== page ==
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I am working on an image classification problem in Keras.

I am training the model using model.fit_generator for data augmentation. While training per epoch, I am also evaluating on validation data.

Training is done on 90% of the data and Validation is done on 10% of the data. The following is my code:

datagen = ImageDataGenerator(
    rotation_range=20,
    zoom_range=0.3)


batch_size=32
epochs=30

model_checkpoint = ModelCheckpoint('myweights.hdf5', monitor='val_acc', verbose=1, save_best_only=True, mode='max')

lr = 0.01
sgd = SGD(lr=lr, decay=1e-6, momentum=0.9, nesterov=False)
model.compile(loss='categorical_crossentropy',
          optimizer=sgd,
          metrics=['accuracy'])



def step_decay(epoch):
    # initialize the base initial learning rate, drop factor, and
    # epochs to drop every
    initAlpha = 0.01
    factor = 1
    dropEvery = 3

    # compute learning rate for the current epoch
    alpha = initAlpha * (factor ** np.floor((1 + epoch) / dropEvery))

    # return the learning rate
    return float(alpha)



history=model.fit_generator(datagen.flow(xtrain, ytrain, batch_size=batch_size),
                    steps_per_epoch=xtrain.shape[0] // batch_size,
                  callbacks[LearningRateScheduler(step_decay),model_checkpoint],
                    validation_data = (xvalid, yvalid),
                    epochs = epochs, verbose = 1)

However, upon plotting the training accuracy and validation accuracy (as well as the training loss and validation loss), I noticed the validation accuracy is higher than training accuracy (and likewise, validation loss is lower than training loss). Here are my resultant plots after training (please note that validation is referred to as "test" in the plots):

enter image description here enter image description here

When I do not apply data augmentation, the training accuracy is higher than the validation accuracy.From my understanding, the training accuracy should typically be greater than validation accuracy. Can anyone give insights why this is not the case in my situation where data augmentation is applied?

  • You suggest that data augmentation could be to blame, and that does seem plausible. However, can you please clarify something: have you tried this without data augmentation? If so, how did the train and validation losses compare then? – myrtlecat Feb 17 '18 at 20:25
  • When I do not apply data augmentation, the training accuracy is higher than the validation accuracy....this is included in the post now. – user121 Feb 17 '18 at 20:31
  • It isn't totally clear from your code, but it looks like you aren't applying any data augmentation to your validation data. Is this correct? – myrtlecat Feb 17 '18 at 20:52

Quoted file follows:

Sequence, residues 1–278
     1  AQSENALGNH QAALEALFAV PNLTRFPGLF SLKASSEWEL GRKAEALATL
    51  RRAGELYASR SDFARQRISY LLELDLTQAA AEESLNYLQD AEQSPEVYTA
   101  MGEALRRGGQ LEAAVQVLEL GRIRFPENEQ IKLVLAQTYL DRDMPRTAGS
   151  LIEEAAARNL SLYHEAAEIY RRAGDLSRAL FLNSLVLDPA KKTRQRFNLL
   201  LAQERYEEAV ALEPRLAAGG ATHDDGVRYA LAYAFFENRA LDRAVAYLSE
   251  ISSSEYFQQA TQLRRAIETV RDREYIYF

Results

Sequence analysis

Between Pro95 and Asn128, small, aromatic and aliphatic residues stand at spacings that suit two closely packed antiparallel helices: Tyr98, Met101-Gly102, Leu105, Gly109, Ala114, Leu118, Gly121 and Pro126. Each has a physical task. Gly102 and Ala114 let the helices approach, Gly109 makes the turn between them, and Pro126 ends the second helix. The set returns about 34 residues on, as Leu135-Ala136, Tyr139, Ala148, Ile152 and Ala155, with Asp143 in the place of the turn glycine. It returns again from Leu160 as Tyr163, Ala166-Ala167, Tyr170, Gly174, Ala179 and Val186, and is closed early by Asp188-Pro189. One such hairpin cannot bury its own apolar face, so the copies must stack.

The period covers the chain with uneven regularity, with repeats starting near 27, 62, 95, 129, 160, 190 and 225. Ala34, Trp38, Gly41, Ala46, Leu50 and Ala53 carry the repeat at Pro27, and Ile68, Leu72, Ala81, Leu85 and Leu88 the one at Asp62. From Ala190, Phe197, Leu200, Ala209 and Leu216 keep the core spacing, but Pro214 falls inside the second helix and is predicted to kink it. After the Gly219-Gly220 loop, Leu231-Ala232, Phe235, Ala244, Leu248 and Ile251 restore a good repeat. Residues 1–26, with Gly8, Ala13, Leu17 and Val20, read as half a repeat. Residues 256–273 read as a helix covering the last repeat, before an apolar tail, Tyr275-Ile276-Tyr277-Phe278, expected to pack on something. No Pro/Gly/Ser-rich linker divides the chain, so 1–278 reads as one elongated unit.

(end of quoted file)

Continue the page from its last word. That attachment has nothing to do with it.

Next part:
• this is correct...I am not applying data augmentation to the validation data – user121 Feb 17 '18 at 20:56
  • I think that's the problem. See my answer below. TL;DR data augmentation sometimes makes the model's task harder. If you augment the validation data as well you should see things go back to normal. – myrtlecat Feb 17 '18 at 20:58
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The following is just a theory, but it is one that you can test!

One possible explanation why your validation accuracy is better than your training accuracy, is that the data augmentation you are applying to the training data is making the task significantly harder for the network. (It's not totally clear from your code sample. but it looks like you are applying the augmentation only to your training data, not your validation data).

To see why this might be the case, imagine you are training a model to recognise whether someone in the picture is smiling or frowning. Most pictures of faces have the face the "right way up" so the model could solve the task by recognising the mouth and measuring if it curves upwards or downwards. If you now augment the data by applying random rotations, the model can no longer focus just on the mouth, as the face could be upside down. In addition to recognising the mouth and measuring its curve, the model now also has to work out the orientation of the face as a whole and compare the two.

In general, applying random transformations to your data is likely to make it harder to classify. This can be a good thing as it makes your model more robust to changes in the input, but it also means that your model gets an easier ride when you test it on non-augmented data.

This explanation might not apply to your model and data, but you can test it in two ways:

  1. If you decrease the range of the augmentation transformations you are using you should see the training and validation loss get closer together.
  2. If you apply the exact same augmentation transformations to the validation data as you do the training data, then you should see the validation accuracy drop below the training accuracy as you expected.
  • I will test this and update soon – user121 Feb 17 '18 at 21:25

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